creative ramblings & reverie

Friday, February 14, 2014

Writing Spaces

I love this image, and this thought.

image:  UCLA Extension Writers’ Program

Stowing Away

(this in response to Alina’s exercise)

Peter Matthiessen and Derek Walcott are crewing the red boat with green sail (not after all the pea green boat of Edward Lear I’d thought to hop on board, but sea green, Persian green, Spanish veridian — the green closest to ecstacy); and a game Westie terrier named Bodhisattva lies with chin on paws in the small pointed bow, seeming to grin from ear to ear.  I’ve stowed away among the ropes and spinnakers and storm jibs, and eavesdrop on the easy talk with perfect gratitude. 

Looking up at breathy cloth and cloud and wind, I lie quite without motion of my own.  Without motion or voice, or need to speak, letting the others vocalize what’s what, in lilting, textured dialect, the speaking of the turtle men and women of the Homeric West Indies of islands just out of sight from where we sail, yet never beyond reach (always within a hop skip and a jump of making landfall).  I drink in every syllable, like water from a dented tin cup with the aftertaste of Golden Monkey black tea, salt spray, rum.

They’re trying lines, playing them out as fishermen are said to —

And de boats grob de turtle den, take dem over to Limón.

. . . the hunched island called “Iounalao,” where the iguana is found . . .

Keeping some air around the words, as I have heard the taller of the sailors say elsewhere of his sanded-down prose.

I think how Zen it is, as he’d instruct, to formulate nothing—lying there doggo among coils of sea-soaked rope letting objects and actions tell me of themselves.  How satisfying to have life pared down to this, the elemental.  Right down to the bone.

I came with honey and plenty of money wrapped in a five pound note, having intended like the owl and the pussycat to sail away for a year and a day and eat quince with a runcible spoon.  But in the end I’ve lost my easy rhymes and paid nothing, beyond my willingness to drift.  I’ve stolen in and hidden in the cargo hold, among the knots and folds; stolen a few crackers and too-ripe cheese with rind tasting of the Basque Pyrenees, smelling of cow or goat, and tinned pâté with its label come half unglued.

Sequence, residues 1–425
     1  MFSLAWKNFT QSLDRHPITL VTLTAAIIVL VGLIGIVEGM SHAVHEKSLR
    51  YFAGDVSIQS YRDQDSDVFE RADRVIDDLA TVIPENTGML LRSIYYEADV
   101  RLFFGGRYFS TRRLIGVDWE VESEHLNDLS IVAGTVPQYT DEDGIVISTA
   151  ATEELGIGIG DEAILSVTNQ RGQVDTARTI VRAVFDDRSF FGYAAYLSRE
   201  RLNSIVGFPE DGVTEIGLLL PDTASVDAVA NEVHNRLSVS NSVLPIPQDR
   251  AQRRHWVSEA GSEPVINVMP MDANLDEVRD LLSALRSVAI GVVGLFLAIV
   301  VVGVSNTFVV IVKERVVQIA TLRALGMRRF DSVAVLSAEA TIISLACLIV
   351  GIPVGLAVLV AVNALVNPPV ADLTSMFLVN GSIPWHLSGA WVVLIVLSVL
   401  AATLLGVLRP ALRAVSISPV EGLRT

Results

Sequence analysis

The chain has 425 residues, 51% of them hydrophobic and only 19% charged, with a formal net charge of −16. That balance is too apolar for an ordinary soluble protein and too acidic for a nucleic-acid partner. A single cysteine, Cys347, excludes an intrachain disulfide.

In soft faded old clothes — in dungarees which I have stolen too and shirts with rolled-up sleeves, striped Breton fishing shirts — barefoot the whole day through, we’re making a bumblebeeline for the horizon, greeny orangey pinky blue, and tipsy as a child would color in with an unrulered hand.  We’re dancing on the rhythms of Omeros Far Tortuga reggae and I beat time with my dogeared paperback copy of Tiepolo’s Hound.  We’re making poetry and learning to let go, in going, and sometime when we least expect it we might even come across wisdom itself.  Or let it, also, go.  We navigate by sun and stars and copper spyglass like the mariners of old, though headed nowhere in particular; aware only of being — bobbing — on the cloud-capped sea.

Am I rudder or sail? I’ve asked myself.  But now I only am, one with the boat in its unhesitant entirety.  Vast and minute.  That green I’ll never be without again.

The burnished wood cabin is full of books and notebooks, ancient globes, a pear-shaped Tanbur carved out of a single piece of Indian mulberry.  “I read, I travel, I become,” the Saint Lucian says as he has said before, and like a charm, we do.

And I remember that the owl serenades the pussycat when night comes on, while gazing at the moon and strumming on a small guitar.

After the Dipper has filled full and poured its inky drink of stars it’s light again and we are light and there are suddenly green turtles, paddling around the boat as we come into the third day.  Bodhisattva surges to his brave small legs and wags and wags, welcoming fellow creatures fins or no.  He is the finest of our number in his way.

We go, reading the tea leaves and the birds.

Where we are headed can’t be named.  But we’re bound to — and for — the past the earth’s full circle will return us to, all the places we’ve known and been — the dark river the eastern lights the royal barge with oars lifted in flight the ships with ancient cargos of spices and silks and painted porcelain the heartfelt colors of the island of the woman saint where donkeys and chickens run free — while yet fixing an eye on hope, true north, and all those other cockeyed things like human decency, kinship, comradery — epic virtues.  The sturdy homespun stuff of mariners and sages, madmen and magicians, irrepressible rhymesters with twinkles in their eye,  and that tintinnabulation of lost languages teasing the inner ear.

I cannot bear to think of journey’s end.  After the colors and the onomatopoeia, jibs and jigs, will come that stark silence.  The ship under bare poles.  Everything bleached and beached, with piers rotting, a nameless schooner in perpetual drydock, the washed up Argo emptied of its stories, its prophetic charm. 

For now there is no need to contemplate coming to land.  For now, stealing one more time from that other traveler and traveler in words, I tell myself to travel hopefully is a better thing than to arrive — especially when the travel’s with a band of songsmiths in a little red boat with a heartbreaking green sail.